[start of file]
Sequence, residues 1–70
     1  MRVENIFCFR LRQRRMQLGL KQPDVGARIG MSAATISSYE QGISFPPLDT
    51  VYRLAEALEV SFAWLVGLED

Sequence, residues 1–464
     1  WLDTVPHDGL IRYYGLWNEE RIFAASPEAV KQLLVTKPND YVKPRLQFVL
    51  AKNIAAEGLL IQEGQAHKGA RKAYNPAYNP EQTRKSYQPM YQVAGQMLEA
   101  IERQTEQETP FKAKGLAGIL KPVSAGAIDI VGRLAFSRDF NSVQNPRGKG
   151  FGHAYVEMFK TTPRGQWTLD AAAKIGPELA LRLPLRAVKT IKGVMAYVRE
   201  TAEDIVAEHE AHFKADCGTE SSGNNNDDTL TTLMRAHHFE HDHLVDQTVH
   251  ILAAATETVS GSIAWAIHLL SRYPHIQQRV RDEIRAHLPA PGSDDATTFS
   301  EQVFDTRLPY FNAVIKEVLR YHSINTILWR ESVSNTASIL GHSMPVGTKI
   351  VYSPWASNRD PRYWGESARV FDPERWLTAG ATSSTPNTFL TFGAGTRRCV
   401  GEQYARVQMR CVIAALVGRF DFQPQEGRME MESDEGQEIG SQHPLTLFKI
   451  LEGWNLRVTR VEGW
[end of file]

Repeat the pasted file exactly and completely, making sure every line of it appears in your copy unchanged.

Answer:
Sequence, residues 1–70
     1  MRVENIFCFR LRQRRMQLGL KQPDVGARIG MSAATISSYE QGISFPPLDT
    51  VYRLAEALEV SFAWLVGLED

Sequence, residues 1–464
     1  WLDTVPHDGL IRYYGLWNEE RIFAASPEAV KQLLVTKPND YVKPRLQFVL
    51  AKNIAAEGLL IQEGQAHKGA RKAYNPAYNP EQTRKSYQPM YQVAGQMLEA
   101  IERQTEQETP FKAKGLAGIL KPVSAGAIDI VGRLAFSRDF NSVQNPRGKG
   151  FGHAYVEMFK TTPRGQWTLD AAAKIGPELA LRLPLRAVKT IKGVMAYVRE
   201  TAEDIVAEHE AHFKADCGTE SSGNNNDDTL TTLMRAHHFE HDHLVDQTVH
   251  ILAAATETVS GSIAWAIHLL SRYPHIQQRV RDEIRAHLPA PGSDDATTFS
   301  EQVFDTRLPY FNAVIKEVLR YHSINTILWR ESVSNTASIL GHSMPVGTKI
   351  VYSPWASNRD PRYWGESARV FDPERWLTAG ATSSTPNTFL TFGAGTRRCV
   401  GEQYARVQMR CVIAALVGRF DFQPQEGRME MESDEGQEIG SQHPLTLFKI
   451  LEGWNLRVTR VEGW